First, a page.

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Nutritional Support Best Practices in Pediatric Blood and Marrow Transplant Patients: An Integrative Review

Jessica D. Murphy
Heather J. Symons
2 and
Kenneth R. Cooke
School of Nursing, Johns Hopkins University, Baltimore, MD 21287, USA
Sidney Kimmel Comprehensive Cancer Center, Johns Hopkins University School of Medicine, Baltimore, MD 21287, USA
Author to whom correspondence should be addressed.
Submission received: 22 April 2024 / Revised: 17 May 2024 / Accepted: 23 May 2024 / Published: 25 May 2024
(This article belongs to the Section Oncology and Hematology)


Nutrition is vital to the long-term survival of children undergoing blood and marrow transplantation (BMT), but there is no standardization on how to optimize the nutritional status of these patients. A literature search was performed to evaluate nutritional support approaches currently in practice for pediatric patients who are undergoing BMT. CINAHL, Embase, and Cochrane databases were searched for peer-reviewed articles evaluating nutritional interventions for BMT recipients aged 20 or younger. Nine articles published between 2019 and 2023 were found and reviewed. The nutritional support varied between enteral nutrition, parenteral nutrition, a combination of both, and prophylactic feeding tube placement. The post-transplant outcomes identified as associated with alterations in nutritional regimens included length of stay, date of platelet engraftment, incidence of acute graft-versus-host disease, infection rate, and overall survival. The use of any amount of enteral nutrition compared to parenteral alone was beneficial. Complications during BMT can potentially be decreased via prioritizing enteral nutrition over parenteral. The paucity of literature on this topic highlights an unmet need in the field. Future research should focus on ways to optimize the nutritional support of transplant recipients, including increasing the likelihood of enteral feeding tube placement and utilization.

1. Introduction

Malnutrition, or undernutrition, is an imbalance between the required nutrient intake and the actual intake, leading to deficiencies in caloric energy, protein, and micronutrients [1]. Chronic disease in children contributes to malabsorption and increased metabolic demands [2], which, in turn, make many children, adolescents, and young adults with cancer or disorders of the blood and immune systems particularly vulnerable to malnutrition [3]. These patients often receive prolonged and intensive therapy, which impacts their optimal nutritional status and overall health [4]. The malnutrition rates in children with malignancies treated in developed countries vary widely: various articles report rates of 0–20% in leukemia patients, 0–31% in solid tumor patients, and up to 50% in high-risk neuroblastoma patients [5,6,7,8,9,10,11]. Malnutrition is also seen in children with transfusion-dependent anemias [12] and primary immunodeficiencies [13].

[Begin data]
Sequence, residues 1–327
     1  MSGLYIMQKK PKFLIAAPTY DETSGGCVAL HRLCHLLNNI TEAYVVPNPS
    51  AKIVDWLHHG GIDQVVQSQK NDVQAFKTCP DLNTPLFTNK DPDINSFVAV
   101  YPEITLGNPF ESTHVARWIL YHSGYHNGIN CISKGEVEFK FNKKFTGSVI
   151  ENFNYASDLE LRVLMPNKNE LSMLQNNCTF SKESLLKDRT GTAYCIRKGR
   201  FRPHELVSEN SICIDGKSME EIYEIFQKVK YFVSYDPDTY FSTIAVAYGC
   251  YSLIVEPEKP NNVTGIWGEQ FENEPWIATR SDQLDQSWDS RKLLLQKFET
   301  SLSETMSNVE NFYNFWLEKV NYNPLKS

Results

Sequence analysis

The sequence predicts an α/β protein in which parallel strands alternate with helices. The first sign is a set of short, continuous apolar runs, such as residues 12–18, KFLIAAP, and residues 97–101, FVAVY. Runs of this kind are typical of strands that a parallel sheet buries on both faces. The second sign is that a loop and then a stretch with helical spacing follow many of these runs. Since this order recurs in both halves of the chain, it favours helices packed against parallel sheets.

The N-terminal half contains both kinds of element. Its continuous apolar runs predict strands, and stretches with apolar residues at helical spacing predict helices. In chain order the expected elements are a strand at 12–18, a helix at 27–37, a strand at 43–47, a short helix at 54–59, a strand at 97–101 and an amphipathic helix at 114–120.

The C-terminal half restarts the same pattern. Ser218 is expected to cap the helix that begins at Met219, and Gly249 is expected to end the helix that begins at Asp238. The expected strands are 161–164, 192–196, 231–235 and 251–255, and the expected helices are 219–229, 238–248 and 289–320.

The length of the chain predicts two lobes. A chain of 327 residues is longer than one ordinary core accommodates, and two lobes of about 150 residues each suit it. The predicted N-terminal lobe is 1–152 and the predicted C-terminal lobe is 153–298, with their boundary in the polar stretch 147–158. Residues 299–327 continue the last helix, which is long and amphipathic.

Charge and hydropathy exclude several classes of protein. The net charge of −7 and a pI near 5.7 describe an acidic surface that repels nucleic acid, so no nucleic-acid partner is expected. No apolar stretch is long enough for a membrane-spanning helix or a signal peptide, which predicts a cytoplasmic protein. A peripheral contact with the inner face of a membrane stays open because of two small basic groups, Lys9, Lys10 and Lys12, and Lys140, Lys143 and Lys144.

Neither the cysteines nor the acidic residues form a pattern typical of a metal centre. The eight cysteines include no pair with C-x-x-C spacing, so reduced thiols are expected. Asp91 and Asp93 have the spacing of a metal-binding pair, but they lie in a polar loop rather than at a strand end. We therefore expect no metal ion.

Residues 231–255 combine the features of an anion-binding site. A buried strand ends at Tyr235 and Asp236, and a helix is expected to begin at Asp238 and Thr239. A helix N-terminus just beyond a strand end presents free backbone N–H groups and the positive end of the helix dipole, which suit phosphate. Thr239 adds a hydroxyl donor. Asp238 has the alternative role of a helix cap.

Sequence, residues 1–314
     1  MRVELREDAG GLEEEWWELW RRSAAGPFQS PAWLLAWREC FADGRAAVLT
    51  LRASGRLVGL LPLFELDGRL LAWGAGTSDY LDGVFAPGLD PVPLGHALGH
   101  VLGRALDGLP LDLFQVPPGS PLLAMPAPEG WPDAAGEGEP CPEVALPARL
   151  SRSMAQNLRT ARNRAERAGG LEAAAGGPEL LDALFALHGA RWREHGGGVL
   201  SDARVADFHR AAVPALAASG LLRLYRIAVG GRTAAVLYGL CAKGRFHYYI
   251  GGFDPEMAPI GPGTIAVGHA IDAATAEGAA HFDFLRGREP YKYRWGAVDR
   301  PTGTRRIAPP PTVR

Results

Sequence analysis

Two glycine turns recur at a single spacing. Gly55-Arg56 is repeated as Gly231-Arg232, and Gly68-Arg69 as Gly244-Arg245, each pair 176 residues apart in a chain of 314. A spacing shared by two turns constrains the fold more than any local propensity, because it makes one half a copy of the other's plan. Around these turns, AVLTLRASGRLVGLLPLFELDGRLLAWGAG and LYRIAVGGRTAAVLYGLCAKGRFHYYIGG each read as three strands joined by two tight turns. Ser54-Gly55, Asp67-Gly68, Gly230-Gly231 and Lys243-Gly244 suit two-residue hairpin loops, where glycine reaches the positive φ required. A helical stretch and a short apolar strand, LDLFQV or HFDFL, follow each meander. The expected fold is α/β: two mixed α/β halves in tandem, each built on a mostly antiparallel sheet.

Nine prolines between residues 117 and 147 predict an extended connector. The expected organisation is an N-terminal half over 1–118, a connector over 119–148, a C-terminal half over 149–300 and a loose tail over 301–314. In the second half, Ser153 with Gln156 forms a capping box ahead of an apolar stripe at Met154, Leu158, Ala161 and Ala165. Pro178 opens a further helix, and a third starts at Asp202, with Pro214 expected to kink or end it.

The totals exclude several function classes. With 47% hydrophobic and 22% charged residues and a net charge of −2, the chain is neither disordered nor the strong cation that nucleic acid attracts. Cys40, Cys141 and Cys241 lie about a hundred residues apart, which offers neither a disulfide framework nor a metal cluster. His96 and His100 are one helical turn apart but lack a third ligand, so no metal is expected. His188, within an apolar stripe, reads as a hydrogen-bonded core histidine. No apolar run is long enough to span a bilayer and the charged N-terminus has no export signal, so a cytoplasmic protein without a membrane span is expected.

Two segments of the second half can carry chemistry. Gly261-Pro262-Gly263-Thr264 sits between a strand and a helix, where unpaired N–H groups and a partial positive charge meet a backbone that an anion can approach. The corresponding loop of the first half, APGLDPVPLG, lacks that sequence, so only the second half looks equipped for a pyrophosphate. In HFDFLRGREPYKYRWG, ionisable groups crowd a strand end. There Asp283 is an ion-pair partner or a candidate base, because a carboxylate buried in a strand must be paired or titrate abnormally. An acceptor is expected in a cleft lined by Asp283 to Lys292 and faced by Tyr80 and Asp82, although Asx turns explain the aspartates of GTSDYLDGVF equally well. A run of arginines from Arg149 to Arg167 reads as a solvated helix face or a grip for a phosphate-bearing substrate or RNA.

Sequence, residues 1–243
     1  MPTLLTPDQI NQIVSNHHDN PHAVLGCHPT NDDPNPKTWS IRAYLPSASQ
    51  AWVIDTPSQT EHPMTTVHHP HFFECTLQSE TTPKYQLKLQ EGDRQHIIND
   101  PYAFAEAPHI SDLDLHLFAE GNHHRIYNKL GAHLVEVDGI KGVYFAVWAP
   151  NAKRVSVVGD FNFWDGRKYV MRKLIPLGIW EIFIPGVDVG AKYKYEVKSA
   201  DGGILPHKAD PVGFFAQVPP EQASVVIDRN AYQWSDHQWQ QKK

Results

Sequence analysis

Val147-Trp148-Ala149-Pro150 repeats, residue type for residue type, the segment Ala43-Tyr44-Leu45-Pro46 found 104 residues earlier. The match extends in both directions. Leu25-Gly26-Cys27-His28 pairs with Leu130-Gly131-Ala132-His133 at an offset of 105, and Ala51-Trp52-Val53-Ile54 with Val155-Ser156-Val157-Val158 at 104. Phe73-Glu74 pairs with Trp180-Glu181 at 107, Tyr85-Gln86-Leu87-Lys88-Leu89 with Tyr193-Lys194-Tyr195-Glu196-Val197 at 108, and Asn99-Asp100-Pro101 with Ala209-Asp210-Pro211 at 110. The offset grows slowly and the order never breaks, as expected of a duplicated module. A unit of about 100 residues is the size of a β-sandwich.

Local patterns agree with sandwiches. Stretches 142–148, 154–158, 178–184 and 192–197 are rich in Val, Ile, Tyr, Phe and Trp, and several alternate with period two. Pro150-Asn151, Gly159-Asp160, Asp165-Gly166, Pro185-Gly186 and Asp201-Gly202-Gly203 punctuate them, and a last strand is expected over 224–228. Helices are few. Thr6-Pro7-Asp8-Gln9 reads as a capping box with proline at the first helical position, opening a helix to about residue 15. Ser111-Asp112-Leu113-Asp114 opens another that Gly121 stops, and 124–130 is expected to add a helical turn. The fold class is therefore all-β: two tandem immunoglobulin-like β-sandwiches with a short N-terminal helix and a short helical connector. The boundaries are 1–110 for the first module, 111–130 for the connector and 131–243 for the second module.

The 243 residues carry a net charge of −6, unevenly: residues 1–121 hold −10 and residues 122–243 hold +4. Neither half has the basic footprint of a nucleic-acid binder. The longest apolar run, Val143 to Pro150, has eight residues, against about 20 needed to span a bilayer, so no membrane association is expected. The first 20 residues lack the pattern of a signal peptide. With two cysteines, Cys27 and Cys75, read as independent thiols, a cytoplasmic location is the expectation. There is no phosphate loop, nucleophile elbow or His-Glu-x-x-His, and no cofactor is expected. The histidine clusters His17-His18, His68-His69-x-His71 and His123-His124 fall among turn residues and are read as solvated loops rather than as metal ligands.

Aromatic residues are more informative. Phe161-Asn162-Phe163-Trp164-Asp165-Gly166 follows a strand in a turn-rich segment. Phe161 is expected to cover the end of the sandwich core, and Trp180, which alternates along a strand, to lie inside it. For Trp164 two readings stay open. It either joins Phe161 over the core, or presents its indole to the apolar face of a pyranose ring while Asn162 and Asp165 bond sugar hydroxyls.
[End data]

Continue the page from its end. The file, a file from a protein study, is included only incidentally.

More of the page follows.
The BMT procedures are curative for many of these malignant and non-malignant conditions, including hemoglobinopathies, bone marrow failure syndromes, immunodeficiencies, immune dysregulatory syndromes, and metabolic disorders [14]. A preparative or “conditioning” regimen is given prior to the infusion of blood or bone marrow-derived stem cells. These regimens serve to make space in the patient’s bone marrow cavity for the incoming donor cells, weaken the patient’s immune system to allow for the acceptance of the donor graft and, in the case of malignant disorders, provide additional anti-cancer therapy. The combination of chemotherapy and/or radiation therapy often results in the development of nausea, vomiting, diarrhea, mucositis, and decreased appetite in transplant recipients [11,15]. The incidence and severity of these symptoms directly correlate with the conditioning regimen’s intensity. Regardless of whether the conditioning intensity is high or reduced, the effects on the patient are significant, setting the stage for malnutrition to be a common finding in pediatric BMT patients [5]; the rates of malnutrition range from 1–47% prior to and 19–20% after BMT [3,16,17]. Importantly, unaddressed malnutrition in this context can lead to significant consequences, including poor growth, development, immune dysregulation, increased hospital length of stay, and increased healthcare costs [2,18,19,20,21].